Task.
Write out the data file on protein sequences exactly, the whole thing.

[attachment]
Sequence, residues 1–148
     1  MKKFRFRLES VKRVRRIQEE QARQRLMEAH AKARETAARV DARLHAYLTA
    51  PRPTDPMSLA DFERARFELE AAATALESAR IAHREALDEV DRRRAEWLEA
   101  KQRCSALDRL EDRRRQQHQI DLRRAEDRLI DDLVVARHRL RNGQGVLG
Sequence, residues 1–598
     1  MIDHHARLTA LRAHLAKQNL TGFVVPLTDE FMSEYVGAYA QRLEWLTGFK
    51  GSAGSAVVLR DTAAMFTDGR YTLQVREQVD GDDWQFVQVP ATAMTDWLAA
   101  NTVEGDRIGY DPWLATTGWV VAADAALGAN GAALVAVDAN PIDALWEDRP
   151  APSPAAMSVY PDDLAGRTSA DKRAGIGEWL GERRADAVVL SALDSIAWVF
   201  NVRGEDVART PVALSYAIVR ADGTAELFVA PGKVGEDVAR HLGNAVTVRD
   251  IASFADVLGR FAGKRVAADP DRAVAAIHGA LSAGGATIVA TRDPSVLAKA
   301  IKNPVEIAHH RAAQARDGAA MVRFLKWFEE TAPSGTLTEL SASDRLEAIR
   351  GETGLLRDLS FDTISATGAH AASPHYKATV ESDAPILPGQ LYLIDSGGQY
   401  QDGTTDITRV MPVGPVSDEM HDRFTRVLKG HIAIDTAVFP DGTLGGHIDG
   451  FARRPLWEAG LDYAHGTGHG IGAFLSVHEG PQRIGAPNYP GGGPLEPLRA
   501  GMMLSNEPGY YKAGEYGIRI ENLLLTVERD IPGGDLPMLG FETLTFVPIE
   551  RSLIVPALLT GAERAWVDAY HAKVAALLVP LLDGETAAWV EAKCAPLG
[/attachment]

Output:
Sequence, residues 1–148
     1  MKKFRFRLES VKRVRRIQEE QARQRLMEAH AKARETAARV DARLHAYLTA
    51  PRPTDPMSLA DFERARFELE AAATALESAR IAHREALDEV DRRRAEWLEA
   101  KQRCSALDRL EDRRRQQHQI DLRRAEDRLI DDLVVARHRL RNGQGVLG
Sequence, residues 1–598
     1  MIDHHARLTA LRAHLAKQNL TGFVVPLTDE FMSEYVGAYA QRLEWLTGFK
    51  GSAGSAVVLR DTAAMFTDGR YTLQVREQVD GDDWQFVQVP ATAMTDWLAA
   101  NTVEGDRIGY DPWLATTGWV VAADAALGAN GAALVAVDAN PIDALWEDRP
   151  APSPAAMSVY PDDLAGRTSA DKRAGIGEWL GERRADAVVL SALDSIAWVF
   201  NVRGEDVART PVALSYAIVR ADGTAELFVA PGKVGEDVAR HLGNAVTVRD
   251  IASFADVLGR FAGKRVAADP DRAVAAIHGA LSAGGATIVA TRDPSVLAKA
   301  IKNPVEIAHH RAAQARDGAA MVRFLKWFEE TAPSGTLTEL SASDRLEAIR
   351  GETGLLRDLS FDTISATGAH AASPHYKATV ESDAPILPGQ LYLIDSGGQY
   401  QDGTTDITRV MPVGPVSDEM HDRFTRVLKG HIAIDTAVFP DGTLGGHIDG
   451  FARRPLWEAG LDYAHGTGHG IGAFLSVHEG PQRIGAPNYP GGGPLEPLRA
   501  GMMLSNEPGY YKAGEYGIRI ENLLLTVERD IPGGDLPMLG FETLTFVPIE
   551  RSLIVPALLT GAERAWVDAY HAKVAALLVP LLDGETAAWV EAKCAPLG